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In the midst of drought, our home’s well-watered green grass was the source of comment from our ecologically minded friends and neighbors. Early-morning water was seen cascading down our slope into the gutter, subject to comment.

My husband, Dale, and I turned off the water and watched the lawn turn brown. We didn’t know how to make it better until we saw an ad for a free workshop on water-wise gardening given by the city of Napa.

Over four meetings in Napa’s Kennedy Park, we learned how to change our lawns to less thirsty plantings; how to install a drip system; how to choose water-wise trees, shrubs and other plants; and how to apply for funds from both the city of Napa and the state of California to fulfill our goal.

The next step was to find out if we qualified for the “Cash for Grass” program. Patrick Costello, water resource analyst from the city of Napa’s Public Works Department, whom we had met through the workshops, came to look at our yard and measure the grass. We had more than 3,000 square feet.

We qualified for both the local “Cash for Grass” and the state “Save Our Water” turf- replacement rebate. We began by removing an overgrown and diseased cottonwood tree and other diseased trees on our property. We piled the wood chips in the front yard to the delight of a few neighborhood children, who used them to play “king of the mountain.”

We hired a landscape designer knowledgeable in water-wise garden design to help us choose plants with maximum color and attractiveness to hummingbirds, bees and butterflies. She suggested adding a curving walkway from our back patio to a circular stone pavilion with a fountain and a view of the mountain. We constructed the walkway and pavilion early in the process.

We purchased a long roll of cardboard and scrounged large use cardboard boxes that required removal of tape and staples. These we double-layered, overlapping them across every inch of grass. We ordered 15 cubic yards of screened compost and topsoil and spread those on top of the cardboard. Then we quickly spread the wood chips from our trees to cover and secure the compost. (We were told that arborists and tree cutters will sometimes deliver wood chips at no cost.)

Then we began planting. Most of the plants we chose need little water once established; others require a little more, but the important thing is that we grouped them by water need.

For the front yard, we chose a Japanese maple (Acer palmatum ‘Atropurpureum’); a dwarf male gingko (Ginkgo biloba ‘Jade Butterfly’); hyssop (licorice mint); Agastache ‘Kudos Yellow’; winter daphne (Daphne odora ‘Aureomarginata’); white coneflower (Echinacea purpurea ‘Pow Wow White’); California fuchsia (Epilobium canum ‘Calistoga’); bishop’s hat (Epimedium warleyense ‘Orange Queen’); dwarf maidenhair (Miscanthus sinensis); dwarf dusty miller (Jocobeae maritima ‘Silver Dust’), the only plant that did not thrive in our soil); Provence lavender (Lavandula intermedia ‘Provence’); dwarf fringe flower (Loropetalum); bamboo muhly (Muhlenbergia dumosa); hardy Jerusalem sage (Phlomis russeliana); and autumn sage (Salvia greggii).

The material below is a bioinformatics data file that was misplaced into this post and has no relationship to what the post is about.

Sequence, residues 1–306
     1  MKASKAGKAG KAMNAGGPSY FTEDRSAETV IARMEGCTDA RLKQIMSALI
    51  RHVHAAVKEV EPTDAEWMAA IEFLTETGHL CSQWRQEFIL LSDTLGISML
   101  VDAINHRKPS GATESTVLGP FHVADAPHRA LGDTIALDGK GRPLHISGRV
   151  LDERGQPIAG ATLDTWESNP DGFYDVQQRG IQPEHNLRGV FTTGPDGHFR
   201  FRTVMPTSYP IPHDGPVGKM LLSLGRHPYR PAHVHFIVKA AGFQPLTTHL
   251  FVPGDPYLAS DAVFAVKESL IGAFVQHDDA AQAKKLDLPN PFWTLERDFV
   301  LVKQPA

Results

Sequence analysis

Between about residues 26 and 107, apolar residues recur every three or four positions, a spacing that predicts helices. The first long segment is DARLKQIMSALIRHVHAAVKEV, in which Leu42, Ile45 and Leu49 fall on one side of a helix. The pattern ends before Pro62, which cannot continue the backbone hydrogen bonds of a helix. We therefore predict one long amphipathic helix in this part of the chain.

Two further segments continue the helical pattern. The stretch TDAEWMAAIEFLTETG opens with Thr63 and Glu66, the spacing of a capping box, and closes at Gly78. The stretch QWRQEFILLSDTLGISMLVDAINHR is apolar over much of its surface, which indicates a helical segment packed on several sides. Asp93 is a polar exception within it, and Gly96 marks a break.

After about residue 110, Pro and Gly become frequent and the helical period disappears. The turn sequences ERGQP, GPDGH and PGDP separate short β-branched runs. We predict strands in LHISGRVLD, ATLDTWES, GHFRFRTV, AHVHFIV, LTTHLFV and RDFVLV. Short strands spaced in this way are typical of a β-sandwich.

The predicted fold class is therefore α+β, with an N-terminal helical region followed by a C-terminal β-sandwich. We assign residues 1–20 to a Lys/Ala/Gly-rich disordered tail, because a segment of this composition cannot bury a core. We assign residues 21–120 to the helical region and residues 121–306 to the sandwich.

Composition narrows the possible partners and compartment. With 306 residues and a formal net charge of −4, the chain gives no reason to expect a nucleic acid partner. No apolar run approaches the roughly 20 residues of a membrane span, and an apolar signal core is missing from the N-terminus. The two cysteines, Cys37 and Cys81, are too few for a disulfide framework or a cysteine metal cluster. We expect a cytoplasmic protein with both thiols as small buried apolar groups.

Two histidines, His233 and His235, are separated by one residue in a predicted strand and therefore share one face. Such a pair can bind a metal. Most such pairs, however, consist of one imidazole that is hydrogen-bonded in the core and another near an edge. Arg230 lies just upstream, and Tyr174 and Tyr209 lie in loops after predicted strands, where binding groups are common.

Into the backyard went an ‘improved Meyer’ lemon tree; a persimmon tree (Diospyros kaki ‘Hachiya’); coreopsis ‘Jethro Tull’(tickseed); more winter daphne, autumn sage and California fuchsia; white coneflower (Echinacea purpurea ‘White Swan’); lion’s tail (Leonotis leonurus); and bamboo muhly around the future fountain and garden swing.

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With help from our yard-maintenance man, we removed the sprinklers and converted the sprinkler system to a drip system with valves just below the same control box to reduce the water pressure. We have yet to know how much our water bill has been reduced because, along with all of the preceding, we extended three of our vegetable garden beds with their own drip system. While it does use a fair amount of water, this garden has given us many baskets of tomatoes, kale, onions, rhubarb, chard, thyme, oregano, peppers and corn.

The final touches were a thick layer of redwood bark—not strictly necessary but pretty—and a fountain in the shape of a large colorful urn in back of the swing and the pavilion.

Today our yard is filled with hummingbirds, butterflies, bees and an occasional dragonfly, flitting among the flowers, while Muhlenbergia (a native bamboo-like grass that does not replicate or spread) waves in the breeze. A neighbor brought us an orchid and lucky bamboo plant to thank us for improving the neighborhood and for returning her family’s view of the mountain when we cut down the cottonwood tree.

No longer embarrassed by wasted water, we proudly answer a multitude of questions from neighbors and friends on how this beautiful landscape came to be.

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